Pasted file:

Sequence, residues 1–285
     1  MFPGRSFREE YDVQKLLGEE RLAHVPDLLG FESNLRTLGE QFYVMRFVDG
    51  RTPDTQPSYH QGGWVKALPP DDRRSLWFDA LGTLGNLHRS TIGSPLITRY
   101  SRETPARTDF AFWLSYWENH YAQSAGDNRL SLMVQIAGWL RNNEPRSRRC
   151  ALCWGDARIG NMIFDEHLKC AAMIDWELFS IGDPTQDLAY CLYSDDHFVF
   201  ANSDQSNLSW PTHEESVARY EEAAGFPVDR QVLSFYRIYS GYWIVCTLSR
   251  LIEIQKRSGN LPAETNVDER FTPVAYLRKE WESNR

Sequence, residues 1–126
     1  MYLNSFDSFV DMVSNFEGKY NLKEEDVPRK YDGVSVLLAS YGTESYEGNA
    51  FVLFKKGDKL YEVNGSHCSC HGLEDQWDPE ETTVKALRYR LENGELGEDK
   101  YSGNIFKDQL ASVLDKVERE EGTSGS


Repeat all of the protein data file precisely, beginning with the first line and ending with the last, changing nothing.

Sequence, residues 1–285
     1  MFPGRSFREE YDVQKLLGEE RLAHVPDLLG FESNLRTLGE QFYVMRFVDG
    51  RTPDTQPSYH QGGWVKALPP DDRRSLWFDA LGTLGNLHRS TIGSPLITRY
   101  SRETPARTDF AFWLSYWENH YAQSAGDNRL SLMVQIAGWL RNNEPRSRRC
   151  ALCWGDARIG NMIFDEHLKC AAMIDWELFS IGDPTQDLAY CLYSDDHFVF
   201  ANSDQSNLSW PTHEESVARY EEAAGFPVDR QVLSFYRIYS GYWIVCTLSR
   251  LIEIQKRSGN LPAETNVDER FTPVAYLRKE WESNR

Sequence, residues 1–126
     1  MYLNSFDSFV DMVSNFEGKY NLKEEDVPRK YDGVSVLLAS YGTESYEGNA
    51  FVLFKKGDKL YEVNGSHCSC HGLEDQWDPE ETTVKALRYR LENGELGEDK
   101  YSGNIFKDQL ASVLDKVERE EGTSGS